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First three months after starting treatment a critical time for women living with HIV

Hester Phillips

15 November 2019

Global analysis of death rates among women living with HIV during the first four years of antiretroviral treatment (ART) finds most deaths occur within three months – with some distinct regional variations.

A doctor talks to a female patient in rural clinic in Honduras
Photos are used for illustrative purposes. They do not imply health status or behaviour. Credit: iStock/brunoat

The analysis finds that death rates among women living with HIV on treatment are lowest in Europe, but highest in Central America, the Caribbean, East and West Africa.

This large collaborative study examined data from 190,175 adult women living with HIV who began ART between 2000 and 2014 in Europe (16%), East Africa (47%), West Africa (13%), Southern Africa (19%), North America (3%), South America (1%), Central America and the Caribbean (2%). The average age at the time of starting ART ranged from 33 years in South Africa to 40 years in North America.

The study assessed both overall death rates and death rates in relation to how long women had been on ART, ranging from 0 to 48 months.

In all regions, the highest death rates occurred during the first three months of treatment, after which they fell. The only exception to this was in North America, but this is likely to be because people who died close to enrolment were excluded from the research cohort in the study from which the data was taken.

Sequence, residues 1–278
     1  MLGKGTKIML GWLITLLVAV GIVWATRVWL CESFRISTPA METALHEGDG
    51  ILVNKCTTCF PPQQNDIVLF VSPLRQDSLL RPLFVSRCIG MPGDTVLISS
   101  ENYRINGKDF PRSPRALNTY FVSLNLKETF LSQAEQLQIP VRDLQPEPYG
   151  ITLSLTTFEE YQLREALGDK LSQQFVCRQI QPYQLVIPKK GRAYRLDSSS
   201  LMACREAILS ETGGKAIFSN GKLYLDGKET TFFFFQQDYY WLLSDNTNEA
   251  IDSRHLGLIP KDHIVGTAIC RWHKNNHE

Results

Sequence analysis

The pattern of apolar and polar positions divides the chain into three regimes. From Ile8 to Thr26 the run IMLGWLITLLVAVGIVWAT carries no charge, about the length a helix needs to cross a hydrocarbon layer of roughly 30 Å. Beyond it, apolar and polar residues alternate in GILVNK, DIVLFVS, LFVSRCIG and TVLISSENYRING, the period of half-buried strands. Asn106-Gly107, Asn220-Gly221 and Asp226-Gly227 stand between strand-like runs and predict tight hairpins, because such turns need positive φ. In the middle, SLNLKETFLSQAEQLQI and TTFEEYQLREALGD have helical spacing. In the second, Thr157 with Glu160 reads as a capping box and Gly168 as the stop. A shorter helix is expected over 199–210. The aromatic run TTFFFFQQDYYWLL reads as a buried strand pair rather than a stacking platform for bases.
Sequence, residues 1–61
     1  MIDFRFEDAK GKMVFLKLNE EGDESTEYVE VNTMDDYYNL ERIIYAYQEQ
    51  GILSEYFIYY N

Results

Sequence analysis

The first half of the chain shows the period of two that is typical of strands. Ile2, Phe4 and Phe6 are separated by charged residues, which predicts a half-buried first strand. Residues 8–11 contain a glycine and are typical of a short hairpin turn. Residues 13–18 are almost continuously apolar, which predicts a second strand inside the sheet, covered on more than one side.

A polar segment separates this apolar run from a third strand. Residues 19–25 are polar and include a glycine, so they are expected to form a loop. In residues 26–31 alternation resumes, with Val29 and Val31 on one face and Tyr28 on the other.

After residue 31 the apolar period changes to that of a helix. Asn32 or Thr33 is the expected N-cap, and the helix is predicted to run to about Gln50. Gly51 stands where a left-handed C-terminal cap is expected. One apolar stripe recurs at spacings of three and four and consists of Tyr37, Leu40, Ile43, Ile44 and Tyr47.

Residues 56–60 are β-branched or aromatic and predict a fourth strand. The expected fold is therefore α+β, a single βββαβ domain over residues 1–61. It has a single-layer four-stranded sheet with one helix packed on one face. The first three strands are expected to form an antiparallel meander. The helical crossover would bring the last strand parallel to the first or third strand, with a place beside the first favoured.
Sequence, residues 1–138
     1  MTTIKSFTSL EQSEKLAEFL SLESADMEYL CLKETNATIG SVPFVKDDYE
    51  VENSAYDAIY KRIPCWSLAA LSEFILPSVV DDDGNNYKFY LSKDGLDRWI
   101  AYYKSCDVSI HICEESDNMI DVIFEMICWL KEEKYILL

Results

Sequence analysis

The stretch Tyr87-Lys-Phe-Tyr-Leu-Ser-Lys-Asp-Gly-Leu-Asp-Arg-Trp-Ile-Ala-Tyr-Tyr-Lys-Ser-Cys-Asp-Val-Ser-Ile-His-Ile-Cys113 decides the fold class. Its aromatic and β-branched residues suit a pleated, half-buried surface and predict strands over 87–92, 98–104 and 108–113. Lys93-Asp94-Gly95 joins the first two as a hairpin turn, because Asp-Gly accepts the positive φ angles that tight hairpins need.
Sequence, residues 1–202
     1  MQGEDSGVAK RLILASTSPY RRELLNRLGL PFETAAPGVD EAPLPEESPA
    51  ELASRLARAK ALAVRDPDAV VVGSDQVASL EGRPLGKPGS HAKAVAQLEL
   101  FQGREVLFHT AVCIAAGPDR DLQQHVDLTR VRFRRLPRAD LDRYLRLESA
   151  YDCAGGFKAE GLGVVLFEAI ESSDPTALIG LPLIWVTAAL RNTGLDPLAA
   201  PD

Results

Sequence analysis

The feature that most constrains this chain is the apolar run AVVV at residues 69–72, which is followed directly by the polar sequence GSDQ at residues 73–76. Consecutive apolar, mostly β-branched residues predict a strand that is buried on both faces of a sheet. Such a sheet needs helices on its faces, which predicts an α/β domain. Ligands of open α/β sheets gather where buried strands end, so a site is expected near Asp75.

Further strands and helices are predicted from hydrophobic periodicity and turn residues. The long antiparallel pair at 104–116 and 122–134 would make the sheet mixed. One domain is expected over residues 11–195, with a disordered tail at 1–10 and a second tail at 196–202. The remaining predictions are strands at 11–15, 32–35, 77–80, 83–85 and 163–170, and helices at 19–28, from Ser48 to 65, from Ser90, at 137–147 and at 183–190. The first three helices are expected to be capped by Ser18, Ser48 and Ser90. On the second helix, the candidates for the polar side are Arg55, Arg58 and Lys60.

This finding provides yet more evidence of the importance of strengthening HIV testing and linkage to care. Where women living with HIV begin ART promptly, it has the greatest benefit for their health and prevents more AIDS-related deaths.

The highest death rates were observed in Central America and the Caribbean between zero and three months, in East Africa between three and six months and West Africa between six and 48 months.

The lowest death rates across the 48 months were found in Europe. Mortality rates among women in North American were similar to European rates for the first six months, but significantly higher thereafter.

The baseline differences of women living with HIV when they began treatment explained some of the relative differences encountered but did not fully explain the higher death rates observed in women from sub-Saharan Africa and the American regions, compared to women living in Europe.

For example, women from sub-Saharan Africa and from Central America and the Caribbean had the lowest CD4 counts at ART initiation, a strong predictor of subsequent HIV-related death. But median CD4 counts at ART initiation were similar among women in North America and Europe, yet death rates were lower among European than North American women. This finding echoes the results of previous studies and has been attributed to better access to equitable health services in Europe and general mortality patterns among groups most affected by HIV in both regions.

It is important to note that the global health inequalities highlighted in this study relate to women who have accessed health services and have started ART. This means the study is likely to underestimate overall gaps for women living with HIV, particularly those not yet diagnosed or linked to care.

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